The term equity refers to just and fair inclusion—a condition in which everyone has an opportunity to participate and prosper. At the US Water Alliance we believe that water equity occurs when all communities: Have access to safe, clean, affordable drinking water and wastewater services; share in the economic, social and environmental benefits of water systems; and are resilient to floods, drought and other climate risks.
Water Education Foundation: Water Equity
More than 1 million Californians are affected by unsafe or unreliable sources of water for cooking, drinking and bathing. They can lose access to water supplies when their wells run dry, especially during drought when groundwater is relied on more heavily and the water table drops. Employment disruptions caused by the COVID-19 pandemic can impair their ability to pay water bills on time. Communities of color are most often burdened by these challenges. Click here to find information and resources on efforts to seek water equity.
Lucy Hernandez knew something was wrong when she arrived at a Walmart store in Visalia shortly before Gov. Gavin Newsom issued a statewide stay-at-home order to slow the spread of the coronavirus. On the normally well-stocked shelves, Hernandez couldn’t find bottled water. Alarmed, she jumped back in her car and headed to Costco, the 99 Cents Only store, the Dollar Tree and Target. No water. Desperate, Hernandez drove 20 miles to Hanford, but still couldn’t find water for sale.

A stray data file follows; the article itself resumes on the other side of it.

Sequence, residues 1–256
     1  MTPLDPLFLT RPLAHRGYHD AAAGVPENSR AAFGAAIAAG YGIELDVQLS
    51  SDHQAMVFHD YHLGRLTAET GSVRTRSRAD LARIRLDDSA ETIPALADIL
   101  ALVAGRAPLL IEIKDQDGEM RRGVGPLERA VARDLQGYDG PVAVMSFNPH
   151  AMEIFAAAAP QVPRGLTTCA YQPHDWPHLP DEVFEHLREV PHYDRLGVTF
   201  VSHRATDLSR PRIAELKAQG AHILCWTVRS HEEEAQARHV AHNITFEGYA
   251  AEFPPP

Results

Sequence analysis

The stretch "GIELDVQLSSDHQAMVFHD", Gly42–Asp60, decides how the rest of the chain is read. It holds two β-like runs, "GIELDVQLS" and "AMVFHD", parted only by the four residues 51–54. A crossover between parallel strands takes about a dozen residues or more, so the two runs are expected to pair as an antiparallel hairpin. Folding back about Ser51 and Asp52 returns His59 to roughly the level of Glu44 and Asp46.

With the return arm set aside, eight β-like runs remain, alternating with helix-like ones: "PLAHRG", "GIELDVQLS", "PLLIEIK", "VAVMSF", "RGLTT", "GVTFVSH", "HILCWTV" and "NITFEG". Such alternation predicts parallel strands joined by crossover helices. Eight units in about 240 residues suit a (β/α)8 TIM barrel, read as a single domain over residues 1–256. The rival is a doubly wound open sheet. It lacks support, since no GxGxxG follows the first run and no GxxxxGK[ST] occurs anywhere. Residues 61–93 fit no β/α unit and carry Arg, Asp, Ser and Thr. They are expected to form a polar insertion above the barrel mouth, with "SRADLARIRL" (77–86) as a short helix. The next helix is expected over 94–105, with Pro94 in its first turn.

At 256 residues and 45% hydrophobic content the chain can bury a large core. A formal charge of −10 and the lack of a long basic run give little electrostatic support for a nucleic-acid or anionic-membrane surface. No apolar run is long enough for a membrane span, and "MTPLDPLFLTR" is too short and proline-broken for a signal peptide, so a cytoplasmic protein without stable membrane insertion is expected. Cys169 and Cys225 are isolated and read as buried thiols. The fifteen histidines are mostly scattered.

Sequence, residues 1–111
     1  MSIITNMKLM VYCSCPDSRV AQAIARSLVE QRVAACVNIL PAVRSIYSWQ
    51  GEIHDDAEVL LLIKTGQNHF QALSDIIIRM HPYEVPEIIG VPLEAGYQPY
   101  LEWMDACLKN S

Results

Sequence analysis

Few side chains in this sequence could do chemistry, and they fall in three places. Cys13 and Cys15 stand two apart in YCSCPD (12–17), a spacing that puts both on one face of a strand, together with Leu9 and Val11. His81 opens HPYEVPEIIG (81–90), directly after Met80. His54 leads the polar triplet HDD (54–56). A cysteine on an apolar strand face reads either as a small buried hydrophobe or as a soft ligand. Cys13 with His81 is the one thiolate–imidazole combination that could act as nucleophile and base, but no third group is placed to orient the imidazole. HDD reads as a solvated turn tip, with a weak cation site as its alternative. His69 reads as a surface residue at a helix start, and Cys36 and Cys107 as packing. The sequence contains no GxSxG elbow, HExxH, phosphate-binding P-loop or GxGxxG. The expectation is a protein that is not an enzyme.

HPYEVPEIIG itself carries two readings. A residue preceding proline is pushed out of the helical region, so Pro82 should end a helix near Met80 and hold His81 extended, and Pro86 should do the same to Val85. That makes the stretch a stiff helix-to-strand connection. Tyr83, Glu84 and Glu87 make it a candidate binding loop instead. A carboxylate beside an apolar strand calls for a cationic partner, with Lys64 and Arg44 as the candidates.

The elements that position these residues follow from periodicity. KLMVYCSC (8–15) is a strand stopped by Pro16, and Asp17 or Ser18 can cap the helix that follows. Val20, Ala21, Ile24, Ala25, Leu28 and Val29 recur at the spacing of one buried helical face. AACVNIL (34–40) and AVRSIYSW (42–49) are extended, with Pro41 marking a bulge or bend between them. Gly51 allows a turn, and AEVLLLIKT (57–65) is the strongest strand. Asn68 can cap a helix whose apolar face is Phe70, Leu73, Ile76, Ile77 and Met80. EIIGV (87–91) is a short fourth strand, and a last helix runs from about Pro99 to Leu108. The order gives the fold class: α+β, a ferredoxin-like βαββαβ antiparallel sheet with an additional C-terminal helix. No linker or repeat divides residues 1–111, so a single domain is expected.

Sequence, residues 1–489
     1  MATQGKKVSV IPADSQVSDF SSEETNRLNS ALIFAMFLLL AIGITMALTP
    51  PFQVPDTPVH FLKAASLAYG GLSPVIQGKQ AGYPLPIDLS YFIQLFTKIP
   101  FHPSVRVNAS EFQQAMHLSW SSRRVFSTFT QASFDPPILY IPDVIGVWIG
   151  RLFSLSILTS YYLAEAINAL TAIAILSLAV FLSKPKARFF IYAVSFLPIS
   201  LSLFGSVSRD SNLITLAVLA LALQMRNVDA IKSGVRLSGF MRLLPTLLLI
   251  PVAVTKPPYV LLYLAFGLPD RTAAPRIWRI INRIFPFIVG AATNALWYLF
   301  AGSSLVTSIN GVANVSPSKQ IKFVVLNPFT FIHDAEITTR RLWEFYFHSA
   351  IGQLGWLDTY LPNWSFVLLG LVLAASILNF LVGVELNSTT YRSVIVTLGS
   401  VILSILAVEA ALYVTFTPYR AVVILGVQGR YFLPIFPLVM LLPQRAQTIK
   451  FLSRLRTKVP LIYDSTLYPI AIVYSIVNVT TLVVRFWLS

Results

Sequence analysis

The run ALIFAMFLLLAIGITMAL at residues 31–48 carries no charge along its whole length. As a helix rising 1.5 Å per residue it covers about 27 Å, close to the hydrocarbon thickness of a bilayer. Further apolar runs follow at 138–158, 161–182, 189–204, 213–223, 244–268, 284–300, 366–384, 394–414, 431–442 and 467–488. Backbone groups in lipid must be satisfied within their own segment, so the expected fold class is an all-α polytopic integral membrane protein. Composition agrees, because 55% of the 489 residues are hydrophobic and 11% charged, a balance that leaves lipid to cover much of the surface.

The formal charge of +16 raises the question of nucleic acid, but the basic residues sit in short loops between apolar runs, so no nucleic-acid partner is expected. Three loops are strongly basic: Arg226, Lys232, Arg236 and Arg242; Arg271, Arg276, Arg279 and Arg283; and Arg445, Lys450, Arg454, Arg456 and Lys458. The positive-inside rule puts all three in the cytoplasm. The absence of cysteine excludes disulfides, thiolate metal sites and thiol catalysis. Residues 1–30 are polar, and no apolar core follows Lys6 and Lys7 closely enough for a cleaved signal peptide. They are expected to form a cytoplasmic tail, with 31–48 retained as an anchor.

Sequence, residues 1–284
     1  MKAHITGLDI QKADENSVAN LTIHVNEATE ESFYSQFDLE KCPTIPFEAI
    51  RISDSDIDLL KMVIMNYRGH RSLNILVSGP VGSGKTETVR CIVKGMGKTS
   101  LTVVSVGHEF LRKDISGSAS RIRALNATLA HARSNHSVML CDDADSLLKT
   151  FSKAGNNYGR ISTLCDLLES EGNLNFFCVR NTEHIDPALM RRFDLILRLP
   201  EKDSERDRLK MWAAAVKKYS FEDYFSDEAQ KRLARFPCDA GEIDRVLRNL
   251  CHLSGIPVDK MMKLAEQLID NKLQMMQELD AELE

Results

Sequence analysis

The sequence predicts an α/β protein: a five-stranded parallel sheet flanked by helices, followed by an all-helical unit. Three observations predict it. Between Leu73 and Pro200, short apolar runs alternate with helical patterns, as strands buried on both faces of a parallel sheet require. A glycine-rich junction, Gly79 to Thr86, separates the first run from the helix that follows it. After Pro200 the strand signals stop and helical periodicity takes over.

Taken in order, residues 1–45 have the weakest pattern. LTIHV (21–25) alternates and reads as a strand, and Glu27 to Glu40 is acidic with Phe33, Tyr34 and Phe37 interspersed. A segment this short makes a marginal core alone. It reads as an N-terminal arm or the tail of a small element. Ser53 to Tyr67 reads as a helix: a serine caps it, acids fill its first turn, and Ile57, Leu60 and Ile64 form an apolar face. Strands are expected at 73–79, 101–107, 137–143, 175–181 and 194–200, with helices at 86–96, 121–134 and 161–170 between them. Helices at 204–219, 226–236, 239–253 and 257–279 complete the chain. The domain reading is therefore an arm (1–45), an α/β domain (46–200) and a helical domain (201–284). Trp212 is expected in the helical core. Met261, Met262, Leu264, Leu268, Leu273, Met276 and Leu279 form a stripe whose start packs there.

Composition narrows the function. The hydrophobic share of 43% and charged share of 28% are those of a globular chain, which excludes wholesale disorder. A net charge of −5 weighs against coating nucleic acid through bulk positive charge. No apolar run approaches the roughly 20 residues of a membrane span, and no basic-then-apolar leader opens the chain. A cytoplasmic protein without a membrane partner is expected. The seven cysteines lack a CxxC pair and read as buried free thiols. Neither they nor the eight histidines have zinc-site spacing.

The California Department of Water Resources provides a variety of resources to K-12 educators – including parents – to encourage water education in and out of the classroom. Our free supplementary materials can be used to help learn about California’s diverse water resources. Additional resources including links to real-time data, online games, and local agency programs are also available on our website. Check out our ‘Water Wednesdays’ You Tube page for recording of our weekly conversations with DWR researchers on a range of water topics.
Tap into over 140 years of U.S. Geological Survey research in the natural sciences in the form of activities, maps, podcasts, online lectures, videos and more. Browse thousands of ideas for using these resources in elementary, secondary, university and informal education settings. Don’t forget to checkout the USGS Water Science School loaded with great material for use with multiple Project WET activities!
September 1 – 30, 2020: California Coastal Cleanup Month
Help clean the beach by picking up litter in your community! Trash travels through storm drains, creeks and rivers to become beach and ocean pollution. For safety reasons, we are asking everyone to clean your neighborhoods, local parks, streets and storm drains for this year’s Coastal Cleanup. Report your cleanup to your local coordinator and/or record it on the CleanSwell app during September and your data will be included as part of Coastal Cleanup Month.
September 1 – 30, 2020: National Preparedness Month
This September, as part of National Preparedness Month, the Red Cross encourages all Americans to develop a family game plan. How prepared are you? Check out the tips and resources on our website for important information you can use to protect yourself, your family and property. Preparedness is a responsibility we all share. Let’s do our part!
September 25-26, 2020: California Ag in the Classroom Conference